FUTUROSCOPE, France -- Britain's David
Millar made a sensational Tour de France debut on Saturday when
he won the first stage of the world's most famous cycle race to
take the coveted yellow jersey of overall leadership.
"I can hardly speak," said the 23-year-old Scot before
bursting into tears. "I can't believe it. I'm going to sleep
with that jersey on and not take it off for years."
Widely regarded as one of the brightest hopes in the sport,
Millar outshone defending champion Lance Armstrong in the 16.5
kilometer individual time trial, beating the American by two seconds
with 19 minutes three seconds.
The Tour began under a cloud when three riders, Russian
Sergei Ivanov, Slovenian Andrej Hauptman and Italian Rossano
Brasi, were sent home after blood tests showed them with illegal
levels of hematocrite.
Hematocrite levels above 50 percent could indicate that an
athlete may be using erythropoietin (EPO), a stamina-boosting
drug which stimulates the production of oxygen-rich red blood
But the three disqualifications failed to overshadow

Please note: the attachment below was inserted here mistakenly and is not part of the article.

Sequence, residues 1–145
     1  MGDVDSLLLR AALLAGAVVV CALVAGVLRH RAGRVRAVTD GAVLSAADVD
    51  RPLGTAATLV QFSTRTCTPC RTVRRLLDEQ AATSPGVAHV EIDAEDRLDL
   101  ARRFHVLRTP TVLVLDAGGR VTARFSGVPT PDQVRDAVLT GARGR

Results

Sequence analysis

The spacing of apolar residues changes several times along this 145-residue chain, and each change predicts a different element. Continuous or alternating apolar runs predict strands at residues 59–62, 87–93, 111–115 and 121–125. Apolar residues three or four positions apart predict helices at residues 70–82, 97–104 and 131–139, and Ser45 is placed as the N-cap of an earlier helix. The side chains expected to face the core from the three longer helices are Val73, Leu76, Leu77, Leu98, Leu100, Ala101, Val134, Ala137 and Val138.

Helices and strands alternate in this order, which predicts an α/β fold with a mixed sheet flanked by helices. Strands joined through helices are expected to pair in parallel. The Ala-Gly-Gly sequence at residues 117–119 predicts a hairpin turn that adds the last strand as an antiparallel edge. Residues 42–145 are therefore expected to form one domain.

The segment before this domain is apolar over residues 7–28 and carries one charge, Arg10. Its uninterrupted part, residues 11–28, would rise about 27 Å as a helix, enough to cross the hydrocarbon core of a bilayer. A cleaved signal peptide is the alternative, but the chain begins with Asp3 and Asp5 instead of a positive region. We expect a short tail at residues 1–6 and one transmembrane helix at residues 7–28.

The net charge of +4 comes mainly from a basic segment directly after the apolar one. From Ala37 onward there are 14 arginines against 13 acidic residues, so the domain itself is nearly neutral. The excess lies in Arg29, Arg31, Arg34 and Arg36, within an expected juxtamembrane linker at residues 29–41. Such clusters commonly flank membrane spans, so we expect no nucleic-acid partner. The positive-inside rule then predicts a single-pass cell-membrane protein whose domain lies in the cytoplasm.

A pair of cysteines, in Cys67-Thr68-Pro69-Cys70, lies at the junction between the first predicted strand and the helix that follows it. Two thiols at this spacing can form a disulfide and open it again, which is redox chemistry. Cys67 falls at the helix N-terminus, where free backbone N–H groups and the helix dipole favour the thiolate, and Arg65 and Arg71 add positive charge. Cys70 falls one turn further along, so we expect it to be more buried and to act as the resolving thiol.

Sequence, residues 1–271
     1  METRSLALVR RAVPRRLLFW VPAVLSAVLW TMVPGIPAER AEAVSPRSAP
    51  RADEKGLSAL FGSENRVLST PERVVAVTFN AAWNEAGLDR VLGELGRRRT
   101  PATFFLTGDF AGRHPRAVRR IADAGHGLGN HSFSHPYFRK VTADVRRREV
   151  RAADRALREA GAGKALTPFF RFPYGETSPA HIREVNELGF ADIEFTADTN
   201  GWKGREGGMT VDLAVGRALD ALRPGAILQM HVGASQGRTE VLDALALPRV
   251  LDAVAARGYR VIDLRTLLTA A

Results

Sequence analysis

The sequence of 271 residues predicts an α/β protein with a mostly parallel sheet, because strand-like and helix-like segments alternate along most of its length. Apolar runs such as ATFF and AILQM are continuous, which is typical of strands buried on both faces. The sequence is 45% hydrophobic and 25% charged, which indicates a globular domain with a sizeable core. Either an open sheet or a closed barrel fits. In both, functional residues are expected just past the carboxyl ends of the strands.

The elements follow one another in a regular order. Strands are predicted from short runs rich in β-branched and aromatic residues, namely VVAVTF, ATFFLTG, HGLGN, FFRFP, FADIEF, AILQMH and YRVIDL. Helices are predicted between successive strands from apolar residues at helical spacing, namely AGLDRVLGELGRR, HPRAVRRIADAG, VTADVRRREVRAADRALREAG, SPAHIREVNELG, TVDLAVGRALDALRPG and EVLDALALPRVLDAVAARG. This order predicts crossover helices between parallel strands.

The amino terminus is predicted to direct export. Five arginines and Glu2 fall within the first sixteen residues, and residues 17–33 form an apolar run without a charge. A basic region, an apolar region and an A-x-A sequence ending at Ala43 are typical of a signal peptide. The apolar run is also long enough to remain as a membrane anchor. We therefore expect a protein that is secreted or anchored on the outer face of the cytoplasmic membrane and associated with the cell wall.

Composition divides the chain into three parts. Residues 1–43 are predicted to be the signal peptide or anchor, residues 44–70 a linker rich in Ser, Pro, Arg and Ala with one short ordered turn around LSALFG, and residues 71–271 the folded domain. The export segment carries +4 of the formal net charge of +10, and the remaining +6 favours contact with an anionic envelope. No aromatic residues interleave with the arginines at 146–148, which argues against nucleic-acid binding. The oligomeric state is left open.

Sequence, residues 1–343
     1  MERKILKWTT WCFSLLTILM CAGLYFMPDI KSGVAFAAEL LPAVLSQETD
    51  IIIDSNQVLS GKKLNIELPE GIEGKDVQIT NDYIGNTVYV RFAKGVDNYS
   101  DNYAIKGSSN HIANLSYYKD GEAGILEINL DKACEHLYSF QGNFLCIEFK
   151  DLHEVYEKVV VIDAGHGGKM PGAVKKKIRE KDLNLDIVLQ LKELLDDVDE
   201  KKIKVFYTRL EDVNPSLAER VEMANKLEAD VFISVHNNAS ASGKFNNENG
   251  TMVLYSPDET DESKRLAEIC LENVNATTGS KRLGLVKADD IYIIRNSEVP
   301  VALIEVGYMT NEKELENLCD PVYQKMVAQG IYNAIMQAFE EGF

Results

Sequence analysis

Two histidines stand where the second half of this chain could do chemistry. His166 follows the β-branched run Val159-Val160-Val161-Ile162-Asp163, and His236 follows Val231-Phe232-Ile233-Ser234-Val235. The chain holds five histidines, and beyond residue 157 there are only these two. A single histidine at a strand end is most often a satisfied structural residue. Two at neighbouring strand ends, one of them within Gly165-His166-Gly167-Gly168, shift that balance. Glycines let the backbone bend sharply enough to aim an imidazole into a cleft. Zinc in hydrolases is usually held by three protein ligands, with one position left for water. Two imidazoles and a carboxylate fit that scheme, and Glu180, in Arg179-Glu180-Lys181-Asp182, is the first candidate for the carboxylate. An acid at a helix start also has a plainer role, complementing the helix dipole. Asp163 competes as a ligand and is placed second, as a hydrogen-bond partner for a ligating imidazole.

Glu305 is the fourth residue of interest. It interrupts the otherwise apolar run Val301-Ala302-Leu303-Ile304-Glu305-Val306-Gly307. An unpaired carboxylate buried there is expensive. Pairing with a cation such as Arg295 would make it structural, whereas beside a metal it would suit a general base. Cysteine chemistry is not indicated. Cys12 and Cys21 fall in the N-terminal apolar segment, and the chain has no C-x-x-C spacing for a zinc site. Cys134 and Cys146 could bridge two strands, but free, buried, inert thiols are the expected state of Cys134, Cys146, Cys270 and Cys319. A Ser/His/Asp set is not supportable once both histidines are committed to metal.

Millar's flying start.
The Briton was so impressive on this flat course that he
left established riders like former winner Jan Ullrich of
Germany and Swiss time trial specialist Alex Zuelle trailing.
Third-placed Frenchman Laurent Jalabert, a former time trial
world champion, was 13 seconds adrift, while Ullrich, 1997 Tour
winner, was another second adrift.
Italian Marco Pantani, 1998 Tour winner, was a lackluster
136th, 2:16 down.
The Scot added: "In Britain, we only ride 10-mile (16 km)
time trials so when I saw this, I told myself it was one for me.
"But I did not want to have too high expectations in case I
In a way his victory in a way made up for British
disappointment over the absence of fellow Briton Chris Boardman
-- winner of three prologues on the Tour -- who withdrew this
year's because of illness.
But Millar, born in Malta and now lives in Biarritz, in the
French Basque country, does not consider himself a real Briton.
"I don't know what to say about my nationality. I was born
in Malta, I've lived in Scotland and Hong Kong, where my father
still lives and which I still consider my true home," he said.
The Cofidis rider admitted he had come on the Tour more for
the experience and to try and win the white jersey for the best
His surprise victory helped lift some of the gloom following
the drugs furore earlier in the day.
"This shows that our set-up against doping works fine,"
said Tour director Jean-Marie Leblanc.
It was the first time riders had failed blood tests on the
O.N.C.E.'s David Extebarria was bloodied after a fall during the first stage.
Armstrong opens defense of Tour in second place